Available in September 2020
GrandTouch-S™ keyboard with wooden keys
Yamaha’s latest keyboard action features a broad dynamic range and faithful response to every nuance of touch that puts a wide expanse of tone—from delicate to bold—at the pianist’s fingertips. The highly consistent grand piano hammers replicate the pleasing response felt when the hammers strike the strings, enabling precise control of the tone. Highly absorbent synthetic-ivory white keys and synthetic-ebony black keys prevent slipping even during extended play and feel just like those of a grand piano.
GrandTouch-S keyboard of the CLP-745 features wooden keys that showcase Yamaha’s expertise with wood for pianos. Just as with grand piano keyboards, the solid wood is cut from the very best parts of well-dried lumber, making the keys more resistant to warping than keyboards made of laminated wood. The wooden texture and structure of the keys create a more grand piano-like feel.
Escapement mechanism of Clavinova keyboards
The escapement mechanism in a grand piano moves the hammers away from the strings quickly after they strike them, in order to prevent any interference with string vibration. This mechanism produces a slight clicking sensation when the keys are pressed gently.
The Clavinova keyboards feature an escapement mechanism that reproduces this sensation near the bottom of the key dip. They have been designed in such a way that the click is discernible only on the lightest keystrokes, similar to the keyboard of a grand piano. These keyboards have been adjusted to provide additional friction that balances key repetition and response without impeding performance.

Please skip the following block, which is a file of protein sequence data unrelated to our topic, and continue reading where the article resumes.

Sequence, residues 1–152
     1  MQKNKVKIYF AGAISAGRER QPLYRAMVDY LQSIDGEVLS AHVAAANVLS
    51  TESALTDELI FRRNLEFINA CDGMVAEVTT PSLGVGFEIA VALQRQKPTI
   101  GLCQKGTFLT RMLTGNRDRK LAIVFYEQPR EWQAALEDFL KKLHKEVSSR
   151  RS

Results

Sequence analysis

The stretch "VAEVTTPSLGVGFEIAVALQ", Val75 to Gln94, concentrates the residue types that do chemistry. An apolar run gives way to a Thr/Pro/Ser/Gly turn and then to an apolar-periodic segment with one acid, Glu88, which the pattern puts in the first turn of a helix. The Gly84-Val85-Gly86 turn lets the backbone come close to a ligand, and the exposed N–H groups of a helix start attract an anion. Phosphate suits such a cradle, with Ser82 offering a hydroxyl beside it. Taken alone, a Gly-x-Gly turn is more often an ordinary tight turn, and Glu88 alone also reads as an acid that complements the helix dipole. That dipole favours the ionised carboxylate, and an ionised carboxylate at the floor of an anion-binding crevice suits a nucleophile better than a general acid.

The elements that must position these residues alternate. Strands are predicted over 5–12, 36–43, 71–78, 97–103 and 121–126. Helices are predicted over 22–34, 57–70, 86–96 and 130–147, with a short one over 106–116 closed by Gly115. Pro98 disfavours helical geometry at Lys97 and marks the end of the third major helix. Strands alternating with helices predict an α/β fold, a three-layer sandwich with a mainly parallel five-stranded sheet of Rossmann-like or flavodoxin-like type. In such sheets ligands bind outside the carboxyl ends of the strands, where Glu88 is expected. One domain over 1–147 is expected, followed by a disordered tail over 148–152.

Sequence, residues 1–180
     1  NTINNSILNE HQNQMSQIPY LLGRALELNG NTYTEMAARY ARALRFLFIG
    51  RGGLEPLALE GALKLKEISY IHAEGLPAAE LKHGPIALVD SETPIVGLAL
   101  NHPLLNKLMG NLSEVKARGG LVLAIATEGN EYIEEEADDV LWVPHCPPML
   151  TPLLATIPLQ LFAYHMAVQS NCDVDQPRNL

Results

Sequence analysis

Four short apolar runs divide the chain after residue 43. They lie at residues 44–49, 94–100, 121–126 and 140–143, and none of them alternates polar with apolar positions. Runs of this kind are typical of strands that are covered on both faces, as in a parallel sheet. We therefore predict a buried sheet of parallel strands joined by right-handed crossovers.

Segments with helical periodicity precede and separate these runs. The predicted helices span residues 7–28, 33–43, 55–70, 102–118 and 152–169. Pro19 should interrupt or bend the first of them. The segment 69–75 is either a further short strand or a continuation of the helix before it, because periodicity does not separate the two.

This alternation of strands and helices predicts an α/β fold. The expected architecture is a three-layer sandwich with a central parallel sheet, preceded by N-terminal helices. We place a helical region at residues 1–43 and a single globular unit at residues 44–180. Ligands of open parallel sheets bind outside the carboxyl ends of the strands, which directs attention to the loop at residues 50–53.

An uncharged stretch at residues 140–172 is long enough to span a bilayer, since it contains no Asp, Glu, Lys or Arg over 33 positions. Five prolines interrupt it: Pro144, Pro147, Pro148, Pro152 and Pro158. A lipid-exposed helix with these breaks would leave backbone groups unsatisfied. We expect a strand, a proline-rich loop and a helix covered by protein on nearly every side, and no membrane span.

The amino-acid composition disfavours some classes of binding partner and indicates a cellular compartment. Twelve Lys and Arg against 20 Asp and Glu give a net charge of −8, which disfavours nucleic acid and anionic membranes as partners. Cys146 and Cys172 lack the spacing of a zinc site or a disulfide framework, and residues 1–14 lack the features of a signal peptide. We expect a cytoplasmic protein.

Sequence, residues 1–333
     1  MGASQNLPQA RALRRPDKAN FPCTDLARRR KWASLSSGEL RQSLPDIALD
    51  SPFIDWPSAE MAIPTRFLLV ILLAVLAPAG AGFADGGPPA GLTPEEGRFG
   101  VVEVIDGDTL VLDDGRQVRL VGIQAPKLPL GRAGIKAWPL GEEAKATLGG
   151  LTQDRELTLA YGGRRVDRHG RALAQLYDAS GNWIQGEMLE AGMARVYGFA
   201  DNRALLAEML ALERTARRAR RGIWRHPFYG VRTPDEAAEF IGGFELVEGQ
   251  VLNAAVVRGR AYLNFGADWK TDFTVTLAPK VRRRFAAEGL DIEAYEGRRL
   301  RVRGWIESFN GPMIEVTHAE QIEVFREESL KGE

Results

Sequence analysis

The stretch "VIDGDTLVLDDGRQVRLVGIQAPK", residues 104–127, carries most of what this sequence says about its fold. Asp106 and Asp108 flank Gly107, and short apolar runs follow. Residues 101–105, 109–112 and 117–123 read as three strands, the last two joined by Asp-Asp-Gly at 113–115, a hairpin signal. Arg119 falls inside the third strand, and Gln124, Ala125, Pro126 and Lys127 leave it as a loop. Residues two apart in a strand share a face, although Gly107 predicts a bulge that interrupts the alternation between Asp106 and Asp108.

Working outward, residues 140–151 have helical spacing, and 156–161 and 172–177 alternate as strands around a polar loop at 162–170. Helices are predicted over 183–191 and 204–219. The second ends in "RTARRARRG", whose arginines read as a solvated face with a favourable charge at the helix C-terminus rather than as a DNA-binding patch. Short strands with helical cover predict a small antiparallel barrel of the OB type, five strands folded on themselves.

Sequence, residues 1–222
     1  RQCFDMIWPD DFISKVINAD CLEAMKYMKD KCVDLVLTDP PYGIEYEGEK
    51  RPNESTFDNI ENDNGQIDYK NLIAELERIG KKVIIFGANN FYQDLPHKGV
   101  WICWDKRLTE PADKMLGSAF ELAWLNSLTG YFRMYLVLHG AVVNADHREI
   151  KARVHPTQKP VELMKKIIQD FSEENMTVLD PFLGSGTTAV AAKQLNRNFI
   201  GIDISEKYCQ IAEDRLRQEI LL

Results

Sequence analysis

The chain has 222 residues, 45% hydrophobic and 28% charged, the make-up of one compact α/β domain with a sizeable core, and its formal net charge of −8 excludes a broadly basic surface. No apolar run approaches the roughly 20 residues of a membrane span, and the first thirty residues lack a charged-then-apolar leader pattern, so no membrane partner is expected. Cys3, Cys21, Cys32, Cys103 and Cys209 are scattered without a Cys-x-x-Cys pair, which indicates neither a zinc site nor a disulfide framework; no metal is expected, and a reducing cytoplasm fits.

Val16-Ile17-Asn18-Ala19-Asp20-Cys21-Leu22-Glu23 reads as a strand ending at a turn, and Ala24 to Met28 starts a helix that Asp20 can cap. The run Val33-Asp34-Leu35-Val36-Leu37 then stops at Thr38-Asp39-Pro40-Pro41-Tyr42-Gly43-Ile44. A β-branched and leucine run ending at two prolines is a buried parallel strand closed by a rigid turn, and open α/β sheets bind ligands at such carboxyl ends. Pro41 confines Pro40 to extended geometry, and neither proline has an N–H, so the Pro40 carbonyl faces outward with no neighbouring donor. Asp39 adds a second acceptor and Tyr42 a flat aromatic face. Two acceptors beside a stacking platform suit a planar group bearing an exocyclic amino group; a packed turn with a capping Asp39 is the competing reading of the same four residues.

Clavinova pianos boast excellent playability and versatile functions, along with a refined, authentic design that blends a compact form with modern aesthetics in a manner befitting the instrument that sets the contemporary standard for pianos. At the heart of the Clavinova design concept is the way the player feels when they take their seat in front of a Clavinova piano. Unnecessary elements are removed from the player’s field of vision to create a convincingly natural space that feels just like sitting at an acoustic piano. This represents Yamaha’s consideration to players who practice on Clavinova and perform on grand pianos—they are able to take the stage free of tension or worry because everything feels normal, as it should. A Clavinova piano is a part of the player’s everyday life—contemporary accents and color variation are available to mesh with any interior design or lifestyle.
Grand Expression Modeling
The interaction and interplay of the hammers, dampers, and strings inside a grand piano respond to the subtlest nuances of the pianist’s touch, creating a limitless range of tonal expression. Touch refers to the pianist’s control, not only of intensity (softness/loudness) in playing and releasing the keys, but also of the speed and depth with which the keys are pressed. The Grand Expression Modeling introduced in the CLP-700 Series translates the widely varied input from the pianist’s fingers into the same limitless tonal variation of a grand piano.